Discussion List Archives

[Date Prev][Date Next][Thread Prev][Thread Next][Date Index][Thread Index]

Re: Draft JSON specification for CIF

I forgot to say thank you for thinking hard about how to do this. Lots of good ideas there.

On Wed, Apr 12, 2017 at 7:28 PM, James Hester <jamesrhester@gmail.com> wrote:
In reply to Bob:

(1) CIF2 header: Sorry, my mistake, there should be a CIF2 header for the example CIF file (it is required).  I have corrected the draft at Github.
(2) ["dataname.a"] vs "dataname.a" . I don't understand why JSON would require that a string containing a period should be put inside square brackets

Nothing requires it. When people use JSON they typically transform it into JavaScript or other-language arrays. In that case we would have to use xxx["dataname.a"] to reference this field, because xxx.dataname.a would reference an element of xxx.dataname, which does not exist. It just seems odd to me. 

(3) Substituting "_" for ".". The proposed standard simply preserves the dataname as it appears in the CIF file (whether it contains "." or not). Strictly speaking, any equivalence between datanames can only be determined by consulting a CIF dictionary.  Although COMCIFS naming policy leads to some useful shortcuts, they are not part of the CIF syntax standard so should not be included in the JSON standard.

I guess I was thinking about mmCIF and its structured category.item keys such as _atom_site.auth_atom_id and wondered if one might want to have this JSON creating an _atom_site object with an auth_atom_id key/value pair when there is a period in the name. But then, again, we have CIF keys such as _atom_site.aniso_B[2][3]. As I think about it now, that's probably not worth the trouble, since the numbers in mmCIF keys like that are 1-based, not 0-based, and that would be a headache. I guess it is what it is. And, besides, mmCIF is not CIF2, is it....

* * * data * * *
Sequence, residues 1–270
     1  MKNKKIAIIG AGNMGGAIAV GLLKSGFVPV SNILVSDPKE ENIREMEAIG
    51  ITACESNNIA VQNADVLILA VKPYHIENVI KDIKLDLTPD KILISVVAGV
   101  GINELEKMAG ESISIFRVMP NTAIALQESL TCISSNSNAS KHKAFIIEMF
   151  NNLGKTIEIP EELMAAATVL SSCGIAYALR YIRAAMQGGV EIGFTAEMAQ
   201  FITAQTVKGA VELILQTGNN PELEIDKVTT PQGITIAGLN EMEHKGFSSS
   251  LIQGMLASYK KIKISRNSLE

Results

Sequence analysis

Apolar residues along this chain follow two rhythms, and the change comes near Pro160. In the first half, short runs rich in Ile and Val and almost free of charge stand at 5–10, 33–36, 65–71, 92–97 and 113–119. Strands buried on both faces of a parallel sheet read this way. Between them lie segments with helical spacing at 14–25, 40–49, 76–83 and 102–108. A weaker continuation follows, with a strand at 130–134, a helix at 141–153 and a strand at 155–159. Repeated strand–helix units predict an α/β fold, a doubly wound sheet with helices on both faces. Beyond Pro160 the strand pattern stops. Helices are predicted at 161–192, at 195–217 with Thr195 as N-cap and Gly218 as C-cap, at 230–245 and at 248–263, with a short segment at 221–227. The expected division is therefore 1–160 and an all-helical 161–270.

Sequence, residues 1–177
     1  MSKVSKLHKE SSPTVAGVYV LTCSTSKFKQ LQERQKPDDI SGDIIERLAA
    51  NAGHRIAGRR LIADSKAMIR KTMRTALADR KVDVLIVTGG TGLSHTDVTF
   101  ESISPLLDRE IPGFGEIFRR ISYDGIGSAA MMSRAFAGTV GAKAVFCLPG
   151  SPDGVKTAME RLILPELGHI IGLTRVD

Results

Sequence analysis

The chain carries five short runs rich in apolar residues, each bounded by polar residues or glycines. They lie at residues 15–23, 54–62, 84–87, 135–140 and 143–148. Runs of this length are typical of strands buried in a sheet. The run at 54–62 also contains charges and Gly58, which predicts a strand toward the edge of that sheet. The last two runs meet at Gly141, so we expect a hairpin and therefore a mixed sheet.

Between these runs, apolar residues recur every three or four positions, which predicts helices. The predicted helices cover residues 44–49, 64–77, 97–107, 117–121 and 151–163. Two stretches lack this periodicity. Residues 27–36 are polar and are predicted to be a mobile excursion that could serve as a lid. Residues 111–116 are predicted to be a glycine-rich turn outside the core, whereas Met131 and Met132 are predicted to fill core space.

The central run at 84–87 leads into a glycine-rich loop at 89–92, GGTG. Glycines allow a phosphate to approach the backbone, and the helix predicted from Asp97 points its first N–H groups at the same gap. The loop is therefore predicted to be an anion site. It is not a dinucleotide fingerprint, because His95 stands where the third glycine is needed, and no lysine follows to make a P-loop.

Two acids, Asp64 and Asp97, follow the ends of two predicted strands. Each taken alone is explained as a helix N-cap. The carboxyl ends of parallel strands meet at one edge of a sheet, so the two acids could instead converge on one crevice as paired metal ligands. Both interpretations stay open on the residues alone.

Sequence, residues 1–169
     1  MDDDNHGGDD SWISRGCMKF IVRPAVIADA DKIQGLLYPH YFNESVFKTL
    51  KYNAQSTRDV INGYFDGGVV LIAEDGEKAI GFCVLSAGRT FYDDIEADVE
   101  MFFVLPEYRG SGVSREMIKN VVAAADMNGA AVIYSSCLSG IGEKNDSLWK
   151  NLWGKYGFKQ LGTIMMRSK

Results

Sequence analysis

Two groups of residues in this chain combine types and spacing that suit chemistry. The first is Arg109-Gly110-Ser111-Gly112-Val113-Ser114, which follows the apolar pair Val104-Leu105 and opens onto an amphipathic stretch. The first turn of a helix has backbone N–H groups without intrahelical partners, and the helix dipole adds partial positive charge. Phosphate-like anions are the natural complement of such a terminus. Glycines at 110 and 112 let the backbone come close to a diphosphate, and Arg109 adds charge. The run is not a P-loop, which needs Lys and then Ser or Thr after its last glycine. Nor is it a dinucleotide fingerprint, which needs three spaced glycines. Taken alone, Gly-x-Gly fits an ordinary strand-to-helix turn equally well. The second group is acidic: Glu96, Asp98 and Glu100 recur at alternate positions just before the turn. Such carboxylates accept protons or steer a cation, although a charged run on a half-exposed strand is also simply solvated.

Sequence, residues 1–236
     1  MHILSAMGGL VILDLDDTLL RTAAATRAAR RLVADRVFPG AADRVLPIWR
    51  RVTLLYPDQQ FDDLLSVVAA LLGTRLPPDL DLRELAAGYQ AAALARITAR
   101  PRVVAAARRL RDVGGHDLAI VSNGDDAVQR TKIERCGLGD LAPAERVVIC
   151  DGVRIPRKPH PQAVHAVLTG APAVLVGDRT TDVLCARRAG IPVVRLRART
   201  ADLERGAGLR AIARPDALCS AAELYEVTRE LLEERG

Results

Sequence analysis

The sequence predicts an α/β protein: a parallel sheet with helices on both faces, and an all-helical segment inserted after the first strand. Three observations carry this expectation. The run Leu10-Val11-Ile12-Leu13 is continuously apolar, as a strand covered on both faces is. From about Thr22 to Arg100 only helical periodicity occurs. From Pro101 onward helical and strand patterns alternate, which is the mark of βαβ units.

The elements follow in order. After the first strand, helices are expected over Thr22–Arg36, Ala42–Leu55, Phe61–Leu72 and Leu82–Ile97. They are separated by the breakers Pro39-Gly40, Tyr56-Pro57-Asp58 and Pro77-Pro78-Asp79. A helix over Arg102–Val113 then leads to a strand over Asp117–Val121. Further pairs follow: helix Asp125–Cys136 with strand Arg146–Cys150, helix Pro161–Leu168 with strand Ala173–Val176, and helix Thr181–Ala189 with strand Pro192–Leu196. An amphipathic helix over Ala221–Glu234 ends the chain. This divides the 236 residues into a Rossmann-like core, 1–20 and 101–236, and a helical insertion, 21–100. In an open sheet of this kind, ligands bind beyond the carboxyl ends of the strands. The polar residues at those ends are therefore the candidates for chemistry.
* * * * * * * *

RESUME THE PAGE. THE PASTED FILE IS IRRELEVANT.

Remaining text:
(4) Agree that a test implementation that can digest a range of valid CIF files would be necessary before acceptance.  Once we have some consensus I'm happy to produce something in Python (although one using the CIFAPI would be great as well).
I guess it's no problem that a JSON reader might completely scramble the order of tags in a CIF file, right?

What about capitalization? While it is true that CIF data names are case insensitive -- and maybe for that reason -- it seems to me that normalizing that to all lower case would be a good move. It would make reading these immensely easier and faster. I think if I wrote a reader, I would have to go through all the keys and change them to lower case prior to doing anything with it. Otherwise I couldn't reliably check for a key.

One of the trickier aspects of reading CIF files is that whenever you have a single object -- say, a single atom, or a single operator -- you can represent  it as a loop or individually. This will lead to complications in JSON as well, because for many fields one will still have to check each time for the existence of an array type or a simple value. I can see how the "loop tags" idea might help there. Personally, I would prefer "loop_tags" not "loop tags" because, again, that's just a pain to have to always use ["xxxx"] to reference elements with keys like that.


cif-developers mailing list

Reply to: [list | sender only]
International Union of Crystallography

Scientific Union Member of the International Science Council (admitted 1947). Member of CODATA, the ISC Committee on Data. Partner with UNESCO, the United Nations Educational, Scientific and Cultural Organization in the International Year of Crystallography 2014.

International Science Council Scientific Freedom Policy

The IUCr observes the basic policy of non-discrimination and affirms the right and freedom of scientists to associate in international scientific activity without regard to such factors as ethnic origin, religion, citizenship, language, political stance, gender, sex or age, in accordance with the Statutes of the International Council for Science.